White Horse Trading Company has one simple belief: quality goods can and ought to be made in the USA. We take great pride in American ingenuity and craftsmanship. To that end, all of our wears are bench-made by an American artisan with decades of experience, using heirloom construction techniques. Cut, sewn, finished and packaged every step of the way right here in the good ‘ol USA by a sixth-generation professional sewist and pattern maker. Our wears age gracefully and gain character with every use. Satisfaction guaranteed.
Music: Calexico - Glowing Heart of the World
photographer : Shinichi Izaki
videographer : Shinichi Izaki
camera : Canon EOS 5D Mark III
lens : LEICA SUMMILUX-R 50mm f1.4
lens : LEICA ELMARIT-R 19mm f2.8
Added Value? is a touring exhibition by the Crafts Council that questions the value of contemporary craft within the current landscape of branding and luxury. It showcases high-quality and bespoke work from makers Zoe Arnold, Bompas & Parr, carréducker, Simon Hasan, Tracy Kendall and Oliver Ruuger.
Our beautifully shot films capture the processes of each of these makers and focus on a different theme that links craft and value. Each film features a brief introduced by Bruce Montgomery, Professor of Design and Craftsmanship at Northumbria University.
Direction: Christopher Thomas Allen and Tim Cowie
Producer: Alice Ceresole
Assistant Producer: Annie Kwan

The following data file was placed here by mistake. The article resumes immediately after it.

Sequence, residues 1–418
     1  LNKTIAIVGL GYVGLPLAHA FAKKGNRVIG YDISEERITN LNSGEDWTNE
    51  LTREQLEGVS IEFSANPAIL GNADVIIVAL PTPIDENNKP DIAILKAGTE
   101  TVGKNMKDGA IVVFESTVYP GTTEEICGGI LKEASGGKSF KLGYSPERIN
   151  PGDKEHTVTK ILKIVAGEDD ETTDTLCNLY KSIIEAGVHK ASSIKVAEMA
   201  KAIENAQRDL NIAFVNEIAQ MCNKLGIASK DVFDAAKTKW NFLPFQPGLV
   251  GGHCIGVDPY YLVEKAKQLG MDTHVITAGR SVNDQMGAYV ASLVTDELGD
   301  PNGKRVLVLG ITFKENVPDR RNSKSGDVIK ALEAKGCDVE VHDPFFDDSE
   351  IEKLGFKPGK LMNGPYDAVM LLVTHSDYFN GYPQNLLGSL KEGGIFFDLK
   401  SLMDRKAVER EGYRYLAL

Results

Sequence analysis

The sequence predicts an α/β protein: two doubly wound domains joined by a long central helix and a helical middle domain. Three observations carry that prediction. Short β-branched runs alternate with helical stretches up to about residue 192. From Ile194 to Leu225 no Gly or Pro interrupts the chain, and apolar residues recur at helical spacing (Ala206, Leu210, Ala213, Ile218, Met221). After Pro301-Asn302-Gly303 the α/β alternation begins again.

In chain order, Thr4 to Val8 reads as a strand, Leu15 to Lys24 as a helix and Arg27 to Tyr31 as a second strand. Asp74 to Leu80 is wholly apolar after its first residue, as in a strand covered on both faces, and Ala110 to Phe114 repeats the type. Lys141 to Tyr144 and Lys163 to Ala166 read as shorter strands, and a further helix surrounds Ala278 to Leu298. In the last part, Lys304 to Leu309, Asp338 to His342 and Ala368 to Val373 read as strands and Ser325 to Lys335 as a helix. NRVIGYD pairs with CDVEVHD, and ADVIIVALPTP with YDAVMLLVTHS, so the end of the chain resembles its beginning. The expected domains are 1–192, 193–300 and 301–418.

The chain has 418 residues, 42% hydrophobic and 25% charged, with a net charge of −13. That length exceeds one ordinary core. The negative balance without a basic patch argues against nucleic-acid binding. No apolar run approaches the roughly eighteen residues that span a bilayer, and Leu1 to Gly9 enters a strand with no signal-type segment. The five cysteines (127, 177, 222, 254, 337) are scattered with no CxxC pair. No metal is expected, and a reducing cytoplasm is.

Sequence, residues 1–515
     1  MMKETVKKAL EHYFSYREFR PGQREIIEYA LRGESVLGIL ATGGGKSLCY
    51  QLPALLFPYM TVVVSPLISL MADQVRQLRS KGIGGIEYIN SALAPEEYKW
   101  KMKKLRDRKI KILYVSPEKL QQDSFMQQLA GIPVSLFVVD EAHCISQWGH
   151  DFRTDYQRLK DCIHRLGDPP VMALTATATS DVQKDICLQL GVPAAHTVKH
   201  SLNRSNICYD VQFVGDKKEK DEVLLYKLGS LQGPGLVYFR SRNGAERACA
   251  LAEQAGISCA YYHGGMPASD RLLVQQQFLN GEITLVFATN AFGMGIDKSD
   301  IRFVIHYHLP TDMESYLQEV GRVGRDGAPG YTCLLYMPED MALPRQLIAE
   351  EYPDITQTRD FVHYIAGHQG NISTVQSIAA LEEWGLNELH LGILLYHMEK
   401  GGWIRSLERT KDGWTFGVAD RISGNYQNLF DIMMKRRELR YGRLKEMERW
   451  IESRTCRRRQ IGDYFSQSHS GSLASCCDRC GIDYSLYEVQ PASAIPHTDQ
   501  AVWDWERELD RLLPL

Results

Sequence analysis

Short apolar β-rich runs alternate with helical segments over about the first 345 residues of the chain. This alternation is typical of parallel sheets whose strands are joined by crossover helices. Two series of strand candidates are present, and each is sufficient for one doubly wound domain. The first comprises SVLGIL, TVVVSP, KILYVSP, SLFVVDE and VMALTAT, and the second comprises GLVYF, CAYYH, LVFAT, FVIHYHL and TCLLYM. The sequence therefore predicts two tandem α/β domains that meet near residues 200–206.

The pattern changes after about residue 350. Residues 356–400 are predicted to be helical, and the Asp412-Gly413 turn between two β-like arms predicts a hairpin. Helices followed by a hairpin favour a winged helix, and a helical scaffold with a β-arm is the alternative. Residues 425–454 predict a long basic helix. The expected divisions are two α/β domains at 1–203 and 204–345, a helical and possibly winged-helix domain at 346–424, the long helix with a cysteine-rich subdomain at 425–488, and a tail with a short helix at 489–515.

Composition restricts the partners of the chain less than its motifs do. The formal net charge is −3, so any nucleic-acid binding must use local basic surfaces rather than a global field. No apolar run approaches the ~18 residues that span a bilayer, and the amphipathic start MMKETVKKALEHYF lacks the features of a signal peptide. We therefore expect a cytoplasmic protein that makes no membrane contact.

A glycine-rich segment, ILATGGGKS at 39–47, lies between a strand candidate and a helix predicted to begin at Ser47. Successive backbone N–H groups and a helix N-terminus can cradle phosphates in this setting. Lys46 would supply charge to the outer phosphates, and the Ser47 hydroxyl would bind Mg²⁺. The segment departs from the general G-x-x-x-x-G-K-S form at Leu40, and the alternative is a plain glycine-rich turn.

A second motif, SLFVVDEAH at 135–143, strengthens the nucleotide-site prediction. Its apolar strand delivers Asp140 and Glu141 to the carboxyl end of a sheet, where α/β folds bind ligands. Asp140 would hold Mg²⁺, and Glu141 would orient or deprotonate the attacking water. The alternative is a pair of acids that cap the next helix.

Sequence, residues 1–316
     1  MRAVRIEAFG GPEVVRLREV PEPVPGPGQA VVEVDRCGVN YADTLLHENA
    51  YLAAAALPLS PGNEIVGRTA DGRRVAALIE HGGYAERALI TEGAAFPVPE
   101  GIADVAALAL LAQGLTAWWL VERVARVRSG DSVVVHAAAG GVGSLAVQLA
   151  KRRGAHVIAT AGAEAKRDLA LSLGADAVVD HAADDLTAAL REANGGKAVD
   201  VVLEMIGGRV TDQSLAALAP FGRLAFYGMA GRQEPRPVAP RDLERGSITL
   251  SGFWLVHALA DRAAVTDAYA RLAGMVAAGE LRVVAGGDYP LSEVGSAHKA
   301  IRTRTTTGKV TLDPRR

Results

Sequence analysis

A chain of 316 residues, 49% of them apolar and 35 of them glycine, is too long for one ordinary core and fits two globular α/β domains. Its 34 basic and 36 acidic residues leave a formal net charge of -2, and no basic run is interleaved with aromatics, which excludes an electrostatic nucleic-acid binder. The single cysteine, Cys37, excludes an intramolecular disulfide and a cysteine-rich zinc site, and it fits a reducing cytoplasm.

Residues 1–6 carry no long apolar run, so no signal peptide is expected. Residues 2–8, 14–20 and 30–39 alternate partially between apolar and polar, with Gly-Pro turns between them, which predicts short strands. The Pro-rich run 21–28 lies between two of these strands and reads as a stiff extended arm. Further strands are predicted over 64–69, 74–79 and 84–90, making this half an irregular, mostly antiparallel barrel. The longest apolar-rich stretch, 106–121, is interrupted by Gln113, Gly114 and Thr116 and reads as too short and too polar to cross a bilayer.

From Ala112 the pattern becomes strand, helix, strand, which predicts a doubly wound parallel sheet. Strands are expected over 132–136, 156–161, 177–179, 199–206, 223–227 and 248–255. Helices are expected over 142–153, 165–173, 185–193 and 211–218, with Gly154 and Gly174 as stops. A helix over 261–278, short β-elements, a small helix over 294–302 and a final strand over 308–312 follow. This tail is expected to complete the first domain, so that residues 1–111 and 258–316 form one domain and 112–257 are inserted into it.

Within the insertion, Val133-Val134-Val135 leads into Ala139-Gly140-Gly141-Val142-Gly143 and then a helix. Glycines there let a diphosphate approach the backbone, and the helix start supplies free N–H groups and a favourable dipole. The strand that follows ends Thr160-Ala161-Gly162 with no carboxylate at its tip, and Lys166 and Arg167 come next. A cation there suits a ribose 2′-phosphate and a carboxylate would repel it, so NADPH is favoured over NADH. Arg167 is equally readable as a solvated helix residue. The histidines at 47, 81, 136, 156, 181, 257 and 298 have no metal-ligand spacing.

Production Assistant: Bea Wilson
Camera: Christopher Thomas Allen, Tim Cowie and Jai Rafferty
Editors: Christopher Thomas Allen, Tim Cowie and Helen Omand
Does bespoke offer greater value than off-the- peg? In recent decades mass production has created a gap between producer and consumer. Bespoke consumption, and the commissioning of products, is now associated with luxury environments.
In making the assumption that bespoke is more expensive, other value-adding factors are not accounted for: the experiential benefits of using something that fits and meets your needs; and the emotional attachment and satisfaction that can come from a relationship with the maker. Such products, due to the materials and production process, are repairable and in turn more sustainable. In the rush to have more, more readily, have the wider values of bespoke products been forgotten?
Bespoke shoemakers Deborah Carré and James Ducker met whilst completing shoemaking apprenticeships, and together launched carréducker in 2004. United by a desire to bring the traditional craft of shoemaking into the 21st century, their work combines highly skilled and traditional craftsmanship with creative and unique styles and cuts. Their shoes are hand-sewn using centuries-old techniques. Yet carréducker have a distinctly contemporary approach to design, playing with fabric and leather combinations and colours. They see interaction with the customer as the most important part of the design process. Only after a series of fittings and discussions about style, detailing and finish, are the shoes made. Does the bespoke approach add value?
carréducker are partners of Gieves & Hawkes gentlemen's emporium, located at 1 Savile Row, London. They also run a studio at Cockpit Arts, London.
In this short film, commissioned by eBay and the British Fashion Council, menswear designer Patrick Grant of London's Savile Row based E.Tautz label talks about the inspiration behind his Autumn Winter 2013 collection; the purchase of a vintage tartan jacket, on eBay.
Directed by Chris Floyd